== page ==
On Monday, Oct. 12, Lawrence students and faculty gathered in the Kohler Gallery of the Wriston Art Center to hear urban poet John Murillo present various poems, some of which were from his award-winning collection, “Up Jump the Boogie” (2010). As a recent addition to the poetry and literary analysis classes in the English Department, it was a pleasure to host the familiar poet for the first 2015 reading for the Mia Paul Poetry Fund.
Assistant Professor of English Melissa H. Range introduced Murillo, describing his unique poetic style as having both “guts” and “honesty” and inspiring original ideas through his use of repetition and rhythm. Many of his poems focus on fatherhood and nod towards modern urban culture. His relationship with his parents and city life in his hometown, New York, are prevalent themes in his collection.
One of the first poems Murillo shared tells of a young narrator who discovers a trunk in the back of his parents’ closet. The pistol and vintage snapshots the boy finds leads him to wonder about his father’s past and how distant it seems from his own life. However, these discoveries reveal the feelings the narrator has in seeing a reflection of his father within himself. The poem encompasses the theme of father-son relationships.
Another one of the poems that Murillo shared, “Enter the Dragon,” introduces the themes of city life and race. His references to martial artists and actors Bruce Lee and Jim Kelly show the prevalence of urban culture and media influence. The poem follows a young narrator at the cinema with his dad. Even the first line of the poem, “For me, the movie starts with a black man,” hints at race and how Murillo celebrates both actors in his poetry. Later in the poem he presents problems with authority and racial tension between the white cops who stop the father’s car and the young narrator who must face reality in understanding his own identity.
Many of his poems focus on specific topics related to his own life and personal experiences. Murillo shared how in writing poetry it is sometimes a challenge to find the right words to convey thoughts and strong emotions. He stated that what is most important is having something to say. Murillo described poetry as both “freeing” and “binding” in the sense that poets have the freedom to express thoughts and stories personal to themselves but binding in the way that craft and style are part of the great tradition of this type of writing.
Murillo confessed that he has read and presented poems from the same copy of “Up Jump the Boogie” for five years. One of the ways he tries to make the poems seem new and refreshing is by changing up the rhythm and experimenting with the pattern and tone of his readings. Even in doing so he is able to present a new side of the poetry each time he reads aloud. He learns what syllables and rhythmic patterns do and do not convey the messages he wants to inspire through his poems.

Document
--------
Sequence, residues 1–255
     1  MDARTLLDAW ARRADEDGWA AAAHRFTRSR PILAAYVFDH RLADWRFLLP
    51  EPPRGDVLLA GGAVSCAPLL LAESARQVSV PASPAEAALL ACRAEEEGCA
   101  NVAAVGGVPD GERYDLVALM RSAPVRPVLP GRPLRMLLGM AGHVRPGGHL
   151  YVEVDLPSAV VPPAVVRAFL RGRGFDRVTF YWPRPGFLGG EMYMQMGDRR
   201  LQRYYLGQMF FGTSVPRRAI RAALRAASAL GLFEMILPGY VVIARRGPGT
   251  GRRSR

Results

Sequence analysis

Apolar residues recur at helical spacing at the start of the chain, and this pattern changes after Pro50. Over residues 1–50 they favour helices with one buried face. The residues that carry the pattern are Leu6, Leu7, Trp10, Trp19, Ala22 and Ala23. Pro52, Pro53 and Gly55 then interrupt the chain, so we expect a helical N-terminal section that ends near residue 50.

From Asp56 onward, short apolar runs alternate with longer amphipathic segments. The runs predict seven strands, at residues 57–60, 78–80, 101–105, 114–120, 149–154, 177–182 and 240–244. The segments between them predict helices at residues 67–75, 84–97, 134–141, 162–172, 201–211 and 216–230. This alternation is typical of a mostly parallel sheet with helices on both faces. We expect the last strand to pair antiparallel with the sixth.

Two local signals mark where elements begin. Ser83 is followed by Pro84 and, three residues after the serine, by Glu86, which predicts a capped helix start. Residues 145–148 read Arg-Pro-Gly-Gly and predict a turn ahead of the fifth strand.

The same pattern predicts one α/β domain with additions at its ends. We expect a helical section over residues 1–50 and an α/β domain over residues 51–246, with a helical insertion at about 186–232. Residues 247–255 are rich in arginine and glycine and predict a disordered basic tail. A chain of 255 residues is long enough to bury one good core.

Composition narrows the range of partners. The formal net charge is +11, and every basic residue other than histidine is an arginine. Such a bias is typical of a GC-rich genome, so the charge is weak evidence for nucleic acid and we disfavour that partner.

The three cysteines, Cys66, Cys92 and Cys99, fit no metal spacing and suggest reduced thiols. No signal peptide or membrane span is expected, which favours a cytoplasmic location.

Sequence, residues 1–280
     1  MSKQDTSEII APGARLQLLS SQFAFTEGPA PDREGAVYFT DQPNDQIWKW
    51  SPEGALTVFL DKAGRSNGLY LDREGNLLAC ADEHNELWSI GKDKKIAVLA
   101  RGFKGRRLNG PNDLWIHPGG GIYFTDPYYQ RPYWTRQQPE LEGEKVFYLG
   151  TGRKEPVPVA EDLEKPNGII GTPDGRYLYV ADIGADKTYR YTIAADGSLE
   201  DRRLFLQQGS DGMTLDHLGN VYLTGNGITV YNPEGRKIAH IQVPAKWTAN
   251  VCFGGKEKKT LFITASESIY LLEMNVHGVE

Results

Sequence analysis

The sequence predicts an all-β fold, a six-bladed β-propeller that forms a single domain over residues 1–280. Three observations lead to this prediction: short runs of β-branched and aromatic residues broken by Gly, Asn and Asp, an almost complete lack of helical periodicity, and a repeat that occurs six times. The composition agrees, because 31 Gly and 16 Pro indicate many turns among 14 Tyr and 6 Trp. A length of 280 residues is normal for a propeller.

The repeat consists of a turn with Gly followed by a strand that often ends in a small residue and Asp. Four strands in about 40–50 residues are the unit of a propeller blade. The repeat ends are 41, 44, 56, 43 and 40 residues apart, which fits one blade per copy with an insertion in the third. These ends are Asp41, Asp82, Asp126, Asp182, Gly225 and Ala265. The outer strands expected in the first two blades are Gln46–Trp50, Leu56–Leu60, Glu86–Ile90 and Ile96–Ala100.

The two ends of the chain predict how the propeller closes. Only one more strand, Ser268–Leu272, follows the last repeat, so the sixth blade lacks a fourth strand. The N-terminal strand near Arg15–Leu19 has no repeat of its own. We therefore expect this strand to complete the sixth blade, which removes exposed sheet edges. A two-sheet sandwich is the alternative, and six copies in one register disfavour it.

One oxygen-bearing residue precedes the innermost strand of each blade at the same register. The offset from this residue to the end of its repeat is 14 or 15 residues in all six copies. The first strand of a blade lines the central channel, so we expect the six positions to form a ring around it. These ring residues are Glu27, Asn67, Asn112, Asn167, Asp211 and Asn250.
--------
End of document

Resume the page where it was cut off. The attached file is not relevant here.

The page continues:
The last piece that he shared was titled “Song.” Like many of his poems, this one included themes of love and the city. Murillo explained how he wrote this piece in Madison, Wis. when he was in and out of a relationship and homesick for New York. In “Song,” he describes being on the train during rush hour, distracted by a woman sitting opposite him. He uses descriptive words like “cocoa-buttered” and “refracted light” to describe the woman, and these metaphors enhance the imagery readers create in their own heads when reading this poem. Even the way that he read the poem, pausing at certain stanzas to emphasize ideas, helped convey his messages clearly.
Murillo suggests to future writers that becoming better each day comes with reading and rereading and writing and rewriting. Closely reading great poets helps one to understand the craft of this style of writing and hone sharper instincts. He used the analogy that, like basketball, there need to be drills in writing. He described how one day he might work on writing in monometer then the next day in another meter. Poetry has structure and there is specific craft to the skill, and Murillo embraces the tradition of writing as well as the freedom that each poet has for him or herself in creating an original piece.